. "Phylogeny from Function: The Origin of tRNA Is in Replication, not Translation." Tempo and Mode in Evolution: Genetics and Paleontology 50 Years After Simpson. Washington, DC: The National Academies Press, 1995.
The following HTML text is provided to enhance online
readability. Many aspects of typography translate only awkwardly to HTML.
Please use the page image
as the authoritative form to ensure accuracy.
contemporary genomes. This phylogeny is unique in suggesting that the function of tRNA in replication dates back to the very beginnings of life on earth, before the advent of templated protein synthesis. The origin we propose for tRNA has distinct implications for the order in which other components of the modern translational apparatus evolved. We further suggest that the "top half" of modern tRNA—a coaxial stack of the acceptor stem on the TΨC arm—is the ancient structural and functional domain and that the "bottom half" of tRNA—a coaxial stack of the dihydrouracil arm on the anticodon arm—arose later to provide additional specificity.
Akins, R. A., Kelley, R. L. & Lambowitz, A. M. 1989. Characterization of mutant mitochondrial plasmids of Neurospora spp. that have incorporated tRNAs by reverse transcription. Mol. Cell. Biol.9, 678–691.
Alberts, B. M. 1986. The function of the hereditary materials: Biological catalyses reflect the cell's evolutionary history. Am. Zool.26, 781–796.
Benner, S. A., Ellington, A. D. & Tauer, A. 1989. Modern metabolism as a palimpsest of the RNA world. Proc. Natl. Acad. Sci. USA86, 7054–7058.
Blackburn, E. H. 1991. Structure and function of telomeres. Nature (London)350, 569–573.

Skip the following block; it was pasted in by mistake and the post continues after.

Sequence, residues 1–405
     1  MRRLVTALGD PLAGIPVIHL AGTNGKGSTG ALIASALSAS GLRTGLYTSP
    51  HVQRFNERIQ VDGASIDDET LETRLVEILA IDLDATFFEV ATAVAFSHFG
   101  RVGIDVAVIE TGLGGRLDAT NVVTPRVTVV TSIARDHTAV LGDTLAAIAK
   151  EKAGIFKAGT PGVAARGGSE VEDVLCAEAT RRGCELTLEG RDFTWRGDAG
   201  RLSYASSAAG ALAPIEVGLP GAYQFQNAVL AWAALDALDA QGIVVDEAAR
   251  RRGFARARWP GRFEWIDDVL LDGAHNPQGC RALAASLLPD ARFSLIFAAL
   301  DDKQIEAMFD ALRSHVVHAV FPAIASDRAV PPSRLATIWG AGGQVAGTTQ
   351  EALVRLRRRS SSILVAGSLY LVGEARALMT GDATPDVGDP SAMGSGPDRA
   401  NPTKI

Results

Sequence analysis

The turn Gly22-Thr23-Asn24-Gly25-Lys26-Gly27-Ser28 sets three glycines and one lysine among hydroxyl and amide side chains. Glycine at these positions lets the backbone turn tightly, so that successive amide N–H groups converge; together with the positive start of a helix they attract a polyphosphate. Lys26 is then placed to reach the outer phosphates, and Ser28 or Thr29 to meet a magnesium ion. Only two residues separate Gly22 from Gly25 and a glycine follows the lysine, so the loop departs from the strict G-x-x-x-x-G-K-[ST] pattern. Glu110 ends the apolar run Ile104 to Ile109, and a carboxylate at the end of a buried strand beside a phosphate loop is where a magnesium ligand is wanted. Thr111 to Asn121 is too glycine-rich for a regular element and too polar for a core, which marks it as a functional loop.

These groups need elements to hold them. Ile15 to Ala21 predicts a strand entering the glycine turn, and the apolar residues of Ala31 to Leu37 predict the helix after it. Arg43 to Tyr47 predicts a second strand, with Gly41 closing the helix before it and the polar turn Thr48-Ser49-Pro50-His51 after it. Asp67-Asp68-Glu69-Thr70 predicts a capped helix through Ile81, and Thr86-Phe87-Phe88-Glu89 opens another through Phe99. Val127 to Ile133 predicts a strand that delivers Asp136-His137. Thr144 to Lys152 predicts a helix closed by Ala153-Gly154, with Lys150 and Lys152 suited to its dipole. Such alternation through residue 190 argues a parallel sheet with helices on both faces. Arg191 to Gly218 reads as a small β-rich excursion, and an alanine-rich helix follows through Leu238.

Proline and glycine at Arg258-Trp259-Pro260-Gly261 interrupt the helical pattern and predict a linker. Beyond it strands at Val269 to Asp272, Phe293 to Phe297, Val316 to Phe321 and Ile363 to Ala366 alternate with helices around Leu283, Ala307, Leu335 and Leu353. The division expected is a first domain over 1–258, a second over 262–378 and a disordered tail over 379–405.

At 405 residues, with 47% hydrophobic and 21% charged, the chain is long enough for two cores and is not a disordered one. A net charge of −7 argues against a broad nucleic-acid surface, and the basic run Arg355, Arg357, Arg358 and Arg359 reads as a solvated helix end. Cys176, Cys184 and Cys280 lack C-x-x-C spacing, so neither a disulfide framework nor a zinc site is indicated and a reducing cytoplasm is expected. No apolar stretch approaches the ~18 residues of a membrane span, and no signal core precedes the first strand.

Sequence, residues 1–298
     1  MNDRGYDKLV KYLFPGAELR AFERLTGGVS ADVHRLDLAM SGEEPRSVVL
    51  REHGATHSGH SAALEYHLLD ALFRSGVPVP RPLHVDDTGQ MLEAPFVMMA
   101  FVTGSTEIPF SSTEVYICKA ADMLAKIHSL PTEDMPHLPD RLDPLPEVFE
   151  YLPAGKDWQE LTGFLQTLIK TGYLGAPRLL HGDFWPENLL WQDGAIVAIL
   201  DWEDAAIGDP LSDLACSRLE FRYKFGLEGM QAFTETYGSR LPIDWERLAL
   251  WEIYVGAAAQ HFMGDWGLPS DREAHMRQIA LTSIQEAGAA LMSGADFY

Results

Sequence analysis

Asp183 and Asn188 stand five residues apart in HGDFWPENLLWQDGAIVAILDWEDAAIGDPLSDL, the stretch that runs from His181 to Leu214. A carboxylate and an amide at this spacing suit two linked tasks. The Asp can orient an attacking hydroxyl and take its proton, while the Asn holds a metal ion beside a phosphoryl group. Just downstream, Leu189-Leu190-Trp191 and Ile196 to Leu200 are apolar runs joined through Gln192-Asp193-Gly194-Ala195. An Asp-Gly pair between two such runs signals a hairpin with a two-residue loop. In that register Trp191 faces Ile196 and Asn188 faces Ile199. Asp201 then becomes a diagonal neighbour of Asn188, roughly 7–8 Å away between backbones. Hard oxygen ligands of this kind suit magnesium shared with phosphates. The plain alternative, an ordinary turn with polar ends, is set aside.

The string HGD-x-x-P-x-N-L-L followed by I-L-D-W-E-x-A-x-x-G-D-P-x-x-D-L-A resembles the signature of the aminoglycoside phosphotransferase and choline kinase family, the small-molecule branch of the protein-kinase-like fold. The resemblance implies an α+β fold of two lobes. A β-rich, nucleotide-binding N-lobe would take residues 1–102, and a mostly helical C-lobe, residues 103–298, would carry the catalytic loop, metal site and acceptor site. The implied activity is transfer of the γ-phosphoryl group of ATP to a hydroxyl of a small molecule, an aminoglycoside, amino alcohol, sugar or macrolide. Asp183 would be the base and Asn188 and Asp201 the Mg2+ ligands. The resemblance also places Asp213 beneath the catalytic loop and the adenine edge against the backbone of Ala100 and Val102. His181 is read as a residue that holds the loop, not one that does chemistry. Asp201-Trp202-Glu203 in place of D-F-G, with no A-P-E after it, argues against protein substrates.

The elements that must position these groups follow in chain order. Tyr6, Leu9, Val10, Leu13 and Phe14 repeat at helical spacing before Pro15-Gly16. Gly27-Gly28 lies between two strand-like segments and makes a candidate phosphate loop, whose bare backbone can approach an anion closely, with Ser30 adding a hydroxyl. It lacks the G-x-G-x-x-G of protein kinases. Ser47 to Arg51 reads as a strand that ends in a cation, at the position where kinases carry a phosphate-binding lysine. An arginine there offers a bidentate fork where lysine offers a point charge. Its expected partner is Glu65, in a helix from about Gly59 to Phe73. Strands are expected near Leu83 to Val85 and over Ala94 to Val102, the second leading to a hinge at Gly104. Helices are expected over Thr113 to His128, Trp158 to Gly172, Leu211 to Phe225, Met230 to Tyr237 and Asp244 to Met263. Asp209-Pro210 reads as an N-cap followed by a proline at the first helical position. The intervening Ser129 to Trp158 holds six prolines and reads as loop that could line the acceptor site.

Blumenthal, T. & Carmichael, G. C. 1979. RNA replication: Function and structure of Qß replicase. Annu. Rev. Biochem.48, 525–548.
Cavarelli, J., Rees, B., Ruff, M., Thierry, J. C. & Moras, D. 1993. Yeast tRNA(Asp) recognition by its cognate class II aminoacyl-tRNA synthetase. Nature (London)362, 181–184.
Cech, T. R., Zaug, A. J. & Grabowski, P. J. 1981. In vitro splicing of the ribosomal RNA precursor of Tetrahymena: Involvement of a guanosine nucleotide in the excision of the intervening sequence. Cell27, 487–496.
Chapman, K. B., Bystrom, A. S. & Boeke, J. D. 1992. Initiator methionine tRNA is essential for Ty1 transposition in yeast. Proc. Natl. Acad. Sci. USA89, 3236–3240.
Connell, G. J., Illangesekare, M. & Yarus, M. (1993) Three small ribooligonucleotides with specific arginine sites. Biochemistry32, 5497–5502.
Covey, S. N. & Turner, D. S. 1986. Hairpin DNAs of cauliflower mosaic virus generated by reverse transcription in vivo.EMBO J.5, 2763–2768.
Crothers, D. M., Seno, T. & Söll, D. G. 1972. Is there a discriminator base in transfer RNA? Proc. Natl. Acad. Sci. USA69, 3063–3067.
Cusack, S., Berthet-Colominas, C., Hartlein, M., Nassar, N. & Leberman, R. 1990. A second class of synthetase structure revealed by X-ray analysis of Escherichia coli seryl-tRNA synthetase at 2.5 A. Nature (London)347, 249–255.
Eriani, G., Delarue, M., Poch, O., Gagloff, J. & Moras, D. 1990. Partition of tRNA synthetases into two classes based on mutually exclusive sets of sequence motifs. Nature (London)347, 203–206.
Gilbert, W. 1986. The RNA world. Nature (London)319, 618.
Green, C. J., Vold, B. S., Morch, M. D., Joshi, R. L. & Haenni, A. L. 1988. Ionic conditions for the cleavage of the tRNA-like structure of turnip yellow mosaic virus by the catalytic RNA of RNase P. J. Biol. Chem.263, 11617–11620.